Plumbing Emergency: Backflow Solved
What is backflow, you ask? It is, as the name suggests, a flow of water in the reverse direction that it should be going. When this occurs, the potential for water contamination by dirt or foreign-borne substances increases. As we use water in our home for cooking, cleaning and drinking, if a contamination occurs you could be at serious risk of contracting an illness.
How to prevent your plumbing system from backflow
If you have never experienced the plumbing emergency that is backflow (and knock on wood that you don’t) you may not realise that plumbing systems require special backflow prevention devices to, well, prevent backflow of water back into the water supply.
Water companies will often install a one-way valve to stop water from backing up into the supply lines – this keeps water moving in one direction to avoid contamination. However, if one of the water mains loses pressure (for whatever reason) then the water may end up flowing in the opposite direction, leading to contaminants entering the water supply.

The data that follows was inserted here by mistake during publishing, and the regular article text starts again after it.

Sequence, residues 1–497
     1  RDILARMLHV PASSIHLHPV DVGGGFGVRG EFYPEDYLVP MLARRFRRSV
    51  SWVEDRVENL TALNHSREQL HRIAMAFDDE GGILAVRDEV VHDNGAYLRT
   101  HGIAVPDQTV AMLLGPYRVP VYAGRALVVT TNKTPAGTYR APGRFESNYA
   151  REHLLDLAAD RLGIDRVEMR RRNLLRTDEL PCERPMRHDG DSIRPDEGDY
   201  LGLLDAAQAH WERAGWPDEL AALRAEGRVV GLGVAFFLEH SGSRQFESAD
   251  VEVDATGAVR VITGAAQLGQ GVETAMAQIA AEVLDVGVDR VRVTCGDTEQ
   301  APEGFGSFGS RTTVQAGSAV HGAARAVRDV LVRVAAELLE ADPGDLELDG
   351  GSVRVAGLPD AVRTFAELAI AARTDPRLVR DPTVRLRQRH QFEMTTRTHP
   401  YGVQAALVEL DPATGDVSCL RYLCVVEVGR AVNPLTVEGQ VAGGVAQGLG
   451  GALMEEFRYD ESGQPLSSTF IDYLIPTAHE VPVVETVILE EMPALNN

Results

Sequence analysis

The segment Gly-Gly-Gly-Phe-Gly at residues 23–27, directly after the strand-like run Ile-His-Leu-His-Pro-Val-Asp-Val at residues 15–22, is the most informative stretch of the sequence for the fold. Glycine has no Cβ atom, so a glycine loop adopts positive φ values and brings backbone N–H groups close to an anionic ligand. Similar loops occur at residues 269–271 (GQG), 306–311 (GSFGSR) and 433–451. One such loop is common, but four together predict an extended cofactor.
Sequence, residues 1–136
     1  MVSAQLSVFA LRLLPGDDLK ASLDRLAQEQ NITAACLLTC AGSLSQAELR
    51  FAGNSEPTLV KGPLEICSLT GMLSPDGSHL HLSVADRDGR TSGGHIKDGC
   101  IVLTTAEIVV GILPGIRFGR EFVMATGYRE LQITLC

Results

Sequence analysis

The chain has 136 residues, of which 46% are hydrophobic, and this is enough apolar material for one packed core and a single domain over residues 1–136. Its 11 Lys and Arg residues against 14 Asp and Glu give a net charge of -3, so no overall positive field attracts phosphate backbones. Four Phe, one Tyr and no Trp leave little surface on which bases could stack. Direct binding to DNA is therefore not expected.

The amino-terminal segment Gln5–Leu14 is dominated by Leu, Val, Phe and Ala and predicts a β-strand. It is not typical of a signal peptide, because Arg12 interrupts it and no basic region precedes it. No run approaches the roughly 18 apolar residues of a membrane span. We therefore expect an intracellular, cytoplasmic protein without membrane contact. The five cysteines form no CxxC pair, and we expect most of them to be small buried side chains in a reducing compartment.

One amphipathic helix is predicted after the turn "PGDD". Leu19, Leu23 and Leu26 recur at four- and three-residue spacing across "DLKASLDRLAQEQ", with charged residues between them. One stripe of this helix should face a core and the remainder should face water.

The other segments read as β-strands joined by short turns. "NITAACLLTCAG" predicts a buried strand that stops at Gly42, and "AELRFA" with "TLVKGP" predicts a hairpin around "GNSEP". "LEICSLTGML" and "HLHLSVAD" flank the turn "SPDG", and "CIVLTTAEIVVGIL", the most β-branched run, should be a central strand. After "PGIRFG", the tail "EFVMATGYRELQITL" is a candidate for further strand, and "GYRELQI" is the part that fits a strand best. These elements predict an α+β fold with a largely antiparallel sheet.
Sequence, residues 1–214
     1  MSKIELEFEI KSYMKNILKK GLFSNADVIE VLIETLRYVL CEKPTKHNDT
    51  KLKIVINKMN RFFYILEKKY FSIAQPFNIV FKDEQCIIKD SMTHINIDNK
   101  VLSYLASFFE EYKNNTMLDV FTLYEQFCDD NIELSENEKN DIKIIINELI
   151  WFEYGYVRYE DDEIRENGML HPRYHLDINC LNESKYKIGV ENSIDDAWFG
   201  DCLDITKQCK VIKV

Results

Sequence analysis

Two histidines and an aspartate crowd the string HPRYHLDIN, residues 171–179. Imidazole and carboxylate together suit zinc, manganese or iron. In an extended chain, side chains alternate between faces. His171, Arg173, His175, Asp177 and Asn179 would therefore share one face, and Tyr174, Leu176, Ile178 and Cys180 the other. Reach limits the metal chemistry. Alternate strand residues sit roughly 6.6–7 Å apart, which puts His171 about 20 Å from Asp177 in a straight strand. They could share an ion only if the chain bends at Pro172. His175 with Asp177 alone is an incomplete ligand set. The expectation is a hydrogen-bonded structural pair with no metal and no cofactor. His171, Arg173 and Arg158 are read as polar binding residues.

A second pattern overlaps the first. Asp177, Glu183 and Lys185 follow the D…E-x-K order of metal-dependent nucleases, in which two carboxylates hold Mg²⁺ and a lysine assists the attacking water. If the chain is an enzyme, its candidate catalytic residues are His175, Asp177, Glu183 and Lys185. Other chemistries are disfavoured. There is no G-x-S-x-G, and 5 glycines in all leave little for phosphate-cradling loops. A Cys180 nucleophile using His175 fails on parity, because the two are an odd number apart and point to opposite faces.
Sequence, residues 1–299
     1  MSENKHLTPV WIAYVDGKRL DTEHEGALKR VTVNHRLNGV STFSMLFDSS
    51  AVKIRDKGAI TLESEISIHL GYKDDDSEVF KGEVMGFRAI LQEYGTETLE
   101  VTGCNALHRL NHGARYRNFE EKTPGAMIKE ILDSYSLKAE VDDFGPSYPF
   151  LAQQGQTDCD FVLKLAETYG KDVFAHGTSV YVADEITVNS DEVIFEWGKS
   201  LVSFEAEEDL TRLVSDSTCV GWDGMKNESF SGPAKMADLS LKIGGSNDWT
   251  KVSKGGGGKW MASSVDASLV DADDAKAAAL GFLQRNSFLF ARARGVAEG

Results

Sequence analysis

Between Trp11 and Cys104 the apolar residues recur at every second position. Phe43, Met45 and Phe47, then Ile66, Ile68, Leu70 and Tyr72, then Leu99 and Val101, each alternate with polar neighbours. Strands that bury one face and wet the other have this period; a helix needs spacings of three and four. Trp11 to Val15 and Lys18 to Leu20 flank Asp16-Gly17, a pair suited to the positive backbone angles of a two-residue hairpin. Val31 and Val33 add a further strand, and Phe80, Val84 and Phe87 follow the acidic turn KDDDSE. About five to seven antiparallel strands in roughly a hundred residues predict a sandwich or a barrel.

With the constant potential for backflow, solutions must be in place in your home to pre-empt an issue before it becomes a real problem. Arguably the cheapest and easiest method to install is the air gap – open spaces between a fixture and main plumbing systems, usually a spot where water collects, such as the space between the sink rim and the tap. The air gap keeps sink water from flowing back and contaminating the water supply.
Another commonly recommended solution is a backflow preventer, a device installed next to the house’s main shut off valve, which prevents contaminants from flowing back into the city’s water supply.
If you have a backflow preventer or air gap installed, you will need to get it tested on a regular basis – normally annually. This is in order to prevent any plumbing emergencies down the track due to a faulty backflow preventer.
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